Baitcaster help

Discussion in 'Fishing Reel Review' started by brinley45cal, Mar 27, 2006.

  1. brinley45cal

    brinley45cal Active Member

    Messages:
    2,606
    State:
    kentucky
    guys i love my baitcasters i have ABU 7000s and a 6500c3,but i must be doing something wrong.EVERY time i cast them i birdnest,at least a little so i have to let some line out and reel it back on.What am i doing wrong?if you have the spool to tight will it make you birdnest?i dont know mybe im not thumbing the spool right or at the right time idont know.I set it up like everyone says push the botten and set to where your line fall without nesting is that correct?do you think it could be the line im using?
    I sure could use some help i have four of them and i want to be abe to fish well and cast far i just dont have anyone close that can show me,please help a brother out,If anyone lives in or near frankfort KY that could helpi would be greatly appreciated.
     
  2. TNcat

    TNcat New Member

    Messages:
    150
    State:
    TN
    James what you need to do is adjust the brake. Hold the rod up at a 45 degree angle, with the bait approximatley 18 inches from the tip of the pole. Open the bell and adjust the brake "which will probably be located on the right side of the reel" and will be round. By twisting the knob foward will tighten the brake and backwards will losen the brake. You know it is correct when you can open the bell and the bait falls slowly to the graound and after hitting the ground the spool will only turn approximatlet one more turn. Hope this helps.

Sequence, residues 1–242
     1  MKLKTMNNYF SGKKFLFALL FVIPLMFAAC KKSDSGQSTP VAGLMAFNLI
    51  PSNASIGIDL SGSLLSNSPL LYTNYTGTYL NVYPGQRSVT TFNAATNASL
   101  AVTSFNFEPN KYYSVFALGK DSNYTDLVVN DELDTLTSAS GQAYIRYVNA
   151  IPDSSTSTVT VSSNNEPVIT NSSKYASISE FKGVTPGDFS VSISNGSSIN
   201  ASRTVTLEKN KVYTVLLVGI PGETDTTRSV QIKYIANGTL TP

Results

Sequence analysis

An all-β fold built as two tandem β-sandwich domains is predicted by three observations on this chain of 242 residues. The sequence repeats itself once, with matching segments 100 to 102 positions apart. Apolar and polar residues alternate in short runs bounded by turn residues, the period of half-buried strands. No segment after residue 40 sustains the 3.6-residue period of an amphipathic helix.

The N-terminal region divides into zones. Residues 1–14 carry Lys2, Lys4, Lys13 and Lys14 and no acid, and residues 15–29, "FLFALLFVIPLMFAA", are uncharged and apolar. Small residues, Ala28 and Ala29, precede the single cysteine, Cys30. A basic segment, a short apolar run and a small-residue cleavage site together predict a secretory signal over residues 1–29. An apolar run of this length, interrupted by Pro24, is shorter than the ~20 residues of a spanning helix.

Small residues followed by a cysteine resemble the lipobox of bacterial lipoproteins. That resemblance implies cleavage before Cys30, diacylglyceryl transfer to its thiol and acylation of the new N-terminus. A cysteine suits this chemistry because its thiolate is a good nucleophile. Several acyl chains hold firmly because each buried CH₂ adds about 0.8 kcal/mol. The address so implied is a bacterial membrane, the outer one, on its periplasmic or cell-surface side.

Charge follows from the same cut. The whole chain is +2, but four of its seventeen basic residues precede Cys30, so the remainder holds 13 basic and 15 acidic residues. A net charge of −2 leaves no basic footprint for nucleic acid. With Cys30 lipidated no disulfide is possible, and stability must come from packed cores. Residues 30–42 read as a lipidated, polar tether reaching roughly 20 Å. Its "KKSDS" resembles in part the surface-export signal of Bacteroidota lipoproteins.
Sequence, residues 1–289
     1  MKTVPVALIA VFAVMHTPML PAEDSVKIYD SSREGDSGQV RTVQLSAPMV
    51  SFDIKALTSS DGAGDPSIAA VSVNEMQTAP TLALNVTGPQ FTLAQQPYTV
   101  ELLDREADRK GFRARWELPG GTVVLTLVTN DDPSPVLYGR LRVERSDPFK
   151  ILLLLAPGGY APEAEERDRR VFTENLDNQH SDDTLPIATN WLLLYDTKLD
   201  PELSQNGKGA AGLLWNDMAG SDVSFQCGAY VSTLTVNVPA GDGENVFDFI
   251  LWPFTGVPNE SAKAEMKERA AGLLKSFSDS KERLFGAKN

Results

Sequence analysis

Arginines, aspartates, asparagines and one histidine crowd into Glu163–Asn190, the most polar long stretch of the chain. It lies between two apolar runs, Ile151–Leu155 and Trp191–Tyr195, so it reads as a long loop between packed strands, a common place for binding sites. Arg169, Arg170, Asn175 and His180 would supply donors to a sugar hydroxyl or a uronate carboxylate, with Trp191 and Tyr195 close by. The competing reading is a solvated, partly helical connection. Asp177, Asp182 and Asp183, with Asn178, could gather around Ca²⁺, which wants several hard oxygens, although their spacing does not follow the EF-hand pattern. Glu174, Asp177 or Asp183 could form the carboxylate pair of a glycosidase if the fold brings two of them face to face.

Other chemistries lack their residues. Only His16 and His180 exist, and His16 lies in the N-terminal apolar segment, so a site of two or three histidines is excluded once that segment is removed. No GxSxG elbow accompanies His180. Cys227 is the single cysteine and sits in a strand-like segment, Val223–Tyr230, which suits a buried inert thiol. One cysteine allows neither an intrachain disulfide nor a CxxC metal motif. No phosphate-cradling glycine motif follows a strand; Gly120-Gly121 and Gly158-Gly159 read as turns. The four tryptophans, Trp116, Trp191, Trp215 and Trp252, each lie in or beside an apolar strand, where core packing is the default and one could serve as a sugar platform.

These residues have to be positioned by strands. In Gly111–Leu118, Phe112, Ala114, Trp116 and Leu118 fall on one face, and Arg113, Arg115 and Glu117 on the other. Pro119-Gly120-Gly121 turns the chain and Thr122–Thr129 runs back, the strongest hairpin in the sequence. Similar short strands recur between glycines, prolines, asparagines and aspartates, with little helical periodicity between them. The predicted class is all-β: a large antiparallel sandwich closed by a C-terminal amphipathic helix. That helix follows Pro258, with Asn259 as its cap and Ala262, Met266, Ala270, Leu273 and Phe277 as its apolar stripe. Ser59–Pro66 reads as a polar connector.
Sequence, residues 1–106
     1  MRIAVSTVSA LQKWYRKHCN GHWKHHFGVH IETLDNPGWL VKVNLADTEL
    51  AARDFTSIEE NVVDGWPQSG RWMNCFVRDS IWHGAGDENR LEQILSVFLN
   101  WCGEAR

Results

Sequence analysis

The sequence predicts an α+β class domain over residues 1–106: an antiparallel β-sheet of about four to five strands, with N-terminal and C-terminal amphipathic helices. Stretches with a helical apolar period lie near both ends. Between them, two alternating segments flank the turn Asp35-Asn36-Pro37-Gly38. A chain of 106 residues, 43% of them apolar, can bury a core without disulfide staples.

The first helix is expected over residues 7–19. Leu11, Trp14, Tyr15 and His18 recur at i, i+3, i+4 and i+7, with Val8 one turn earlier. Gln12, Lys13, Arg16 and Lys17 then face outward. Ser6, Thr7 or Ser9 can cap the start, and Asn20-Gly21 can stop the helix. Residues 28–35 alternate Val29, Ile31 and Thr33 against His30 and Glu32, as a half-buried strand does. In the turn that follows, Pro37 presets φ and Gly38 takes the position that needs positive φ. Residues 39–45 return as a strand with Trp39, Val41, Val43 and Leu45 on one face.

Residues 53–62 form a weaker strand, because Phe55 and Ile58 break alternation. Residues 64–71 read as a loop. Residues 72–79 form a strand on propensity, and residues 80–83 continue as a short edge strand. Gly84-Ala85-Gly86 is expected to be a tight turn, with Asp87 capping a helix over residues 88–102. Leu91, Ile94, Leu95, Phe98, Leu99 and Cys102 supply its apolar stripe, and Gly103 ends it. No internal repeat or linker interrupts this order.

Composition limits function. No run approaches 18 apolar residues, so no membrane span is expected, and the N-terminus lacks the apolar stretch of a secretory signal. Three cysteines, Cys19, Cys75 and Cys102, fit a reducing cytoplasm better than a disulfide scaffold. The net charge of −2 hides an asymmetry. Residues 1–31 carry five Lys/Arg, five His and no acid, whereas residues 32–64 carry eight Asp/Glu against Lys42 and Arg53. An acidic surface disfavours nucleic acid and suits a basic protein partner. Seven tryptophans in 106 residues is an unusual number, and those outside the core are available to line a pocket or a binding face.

3. AwShucks

    AwShucks New Member

    Messages:
    4,532
    State:
    Guthrie, Oklaho
    The causes can be but a few simple things... (1) your not setting the tension correctly on the reel for the weight your using. If you are still in a learning stage (and that may last for a few years, lol) keep the tension tight. It is better to sacrifice slightly on distance than to get a bird nest. (2) your line can be "unforgiving". It was wound in coils on the spool when you bought it. If you don't spool it onto your reel the right way, your introducting twists into you line, and when you cast, it springs up like a bad hair do. (3) your thumb control is not quite where it should be yet. The only way to get it there is to practice. From the gear you listed, you are serious about your fishing... look at the literature for your reel (should be able to find it on-line if you no longer have it available). Follow the instructions explicitly for adjusting the reel to your line and weight. Look at the literature which accompanied your line and make sure you spool it onto your reel correctly. Get out there and throw that darn thing. Don't try for distance, don't use force. Learn how to let the line out of the reel and control it with your thumb. Backlashes or bird nests are going to happen, you just have to learn to control them. It is hard, but it is so easy also.
     
  4. dahoss2002

    dahoss2002 New Member

    Messages:
    206
    State:
    Louisiana